Quick Science: Videos

I’ve just posted a couple of comprehensive products with Resources for teaching Force and Newton’s Laws. I wanted to share an amazing resource I added to the Newton’s Laws web page – sixteen short videos posted by NASA that you’ll want to show your students. Each video introduces a common toy and demonstrates how it’s used on Earth and then on the International Space Station. Choose a video to introduce a toy. Pause and challenge your students to predict how the toy will behave on the space station. After a conversation show the rest of the video. Consider turning off the audio the first time to avoid the explanation giving away too …

Check It Out! Paper Helicopters

Cut and fold paper to create a helicopter that spins as it’s dropped to the floor. Create a second helicopter but this time change the size or mass of the helicopter. It can be hard to time a helicopter as it drops so consider dropping the two helicopters to determine if the change affects how the helicopter falls to the floor. For more about this activity, check out these resources: eGFI Dream Up the Future or a FREEBIE created by Bryce Hixson. My students enjoy this activity so much I included it in my Pushes and Pulls product at TpT. Add this activity …

Check It Out! Leaning Tower of Pasta

Here’s another activity to consider that requires less common materials, raw spaghetti and miniature marshmallows. You’ll want to set aside time if your students love this activity like mine do. Suggested grade level is sixth. Younger students might struggle with being patient and handling small materials. If you have younger students you might use tape instead of marshmallows to create towers. After your students complete their structures consider, if space allows, leaving them out on a shelf. As the marshmallows dry the structures remain intact. Kids love seeing their work displayed in the room! You might view this TED talk to find out why kindergarten students are better at this kind of …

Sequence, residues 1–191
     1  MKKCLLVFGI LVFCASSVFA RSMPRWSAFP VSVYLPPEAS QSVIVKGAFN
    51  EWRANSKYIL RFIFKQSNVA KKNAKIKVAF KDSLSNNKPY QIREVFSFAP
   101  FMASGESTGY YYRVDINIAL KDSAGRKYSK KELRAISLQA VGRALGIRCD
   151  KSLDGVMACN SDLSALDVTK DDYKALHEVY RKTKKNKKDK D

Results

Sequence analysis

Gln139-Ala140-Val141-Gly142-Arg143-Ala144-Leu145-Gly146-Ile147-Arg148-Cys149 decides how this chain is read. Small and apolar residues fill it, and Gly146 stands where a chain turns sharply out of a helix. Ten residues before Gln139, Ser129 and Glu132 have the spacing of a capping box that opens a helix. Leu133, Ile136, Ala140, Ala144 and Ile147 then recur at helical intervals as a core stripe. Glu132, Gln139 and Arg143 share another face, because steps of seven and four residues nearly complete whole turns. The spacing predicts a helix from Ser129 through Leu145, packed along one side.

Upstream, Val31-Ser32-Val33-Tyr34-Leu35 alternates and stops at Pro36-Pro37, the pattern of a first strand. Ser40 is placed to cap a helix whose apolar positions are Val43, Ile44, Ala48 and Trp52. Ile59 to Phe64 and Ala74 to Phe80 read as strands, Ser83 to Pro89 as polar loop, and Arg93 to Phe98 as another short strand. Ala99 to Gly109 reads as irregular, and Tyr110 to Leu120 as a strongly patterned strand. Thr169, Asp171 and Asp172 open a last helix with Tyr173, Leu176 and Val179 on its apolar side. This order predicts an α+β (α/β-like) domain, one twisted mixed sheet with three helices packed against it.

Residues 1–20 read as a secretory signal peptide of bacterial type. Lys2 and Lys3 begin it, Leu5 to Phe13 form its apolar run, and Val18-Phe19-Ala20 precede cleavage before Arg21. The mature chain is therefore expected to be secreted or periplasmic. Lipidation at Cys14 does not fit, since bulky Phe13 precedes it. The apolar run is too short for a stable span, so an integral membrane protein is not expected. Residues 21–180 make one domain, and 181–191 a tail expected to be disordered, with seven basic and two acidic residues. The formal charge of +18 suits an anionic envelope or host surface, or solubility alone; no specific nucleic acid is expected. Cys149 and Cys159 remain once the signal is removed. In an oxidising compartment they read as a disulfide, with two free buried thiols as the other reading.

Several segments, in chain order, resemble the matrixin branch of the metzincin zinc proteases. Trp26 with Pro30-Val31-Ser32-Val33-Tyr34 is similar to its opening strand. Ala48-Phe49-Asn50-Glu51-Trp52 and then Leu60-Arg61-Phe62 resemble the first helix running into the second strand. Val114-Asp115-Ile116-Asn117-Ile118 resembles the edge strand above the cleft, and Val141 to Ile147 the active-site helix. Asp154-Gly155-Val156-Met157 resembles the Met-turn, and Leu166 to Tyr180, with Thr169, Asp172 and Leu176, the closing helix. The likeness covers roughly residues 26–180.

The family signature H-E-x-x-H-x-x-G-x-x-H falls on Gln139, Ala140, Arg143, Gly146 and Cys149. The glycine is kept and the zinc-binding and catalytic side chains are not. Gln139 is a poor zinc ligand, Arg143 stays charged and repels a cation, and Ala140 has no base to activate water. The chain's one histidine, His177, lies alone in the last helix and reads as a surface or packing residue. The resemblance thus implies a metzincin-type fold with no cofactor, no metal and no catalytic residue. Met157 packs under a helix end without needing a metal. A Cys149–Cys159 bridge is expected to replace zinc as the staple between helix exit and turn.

Check It Out! Build a Tower

Need a quick activity that requires only newspaper and tape? Maybe an activity for a family science night? www.flickr.com/photos/vinzcha/ / CC BY 2.0 Consider this online resource adapted from PBS that combines science and engineering. It includes a clearly written procedure, vocabulary, background, and suggestions for an assessment. It could be completed by teams of engineer/scientists in your classroom!   My students love this activity. The site suggests 20 minutes but my students always ask for more time to try variations they’ve seen other teams attempt. That’s what scientists do right, build on each other’s work?

snowflakes

Learning about snowflakes is an easy way to integrate math, science, and art. It’s been snowing where I live so I decided to publish a new product for TPT: Simply Science, Resources for Teaching about Snowflakes. Anyone following my store got an email and know that the product is just $1.50 for the first 48 hours – hint, hint!  😉   To thank you for following my blog, I’m sending you the link to the web page that was created just for this product: https://simplyscience.com/snowflakes/ You’ll find online sites that let kids cut out their own snowflakes and then they can save, email, …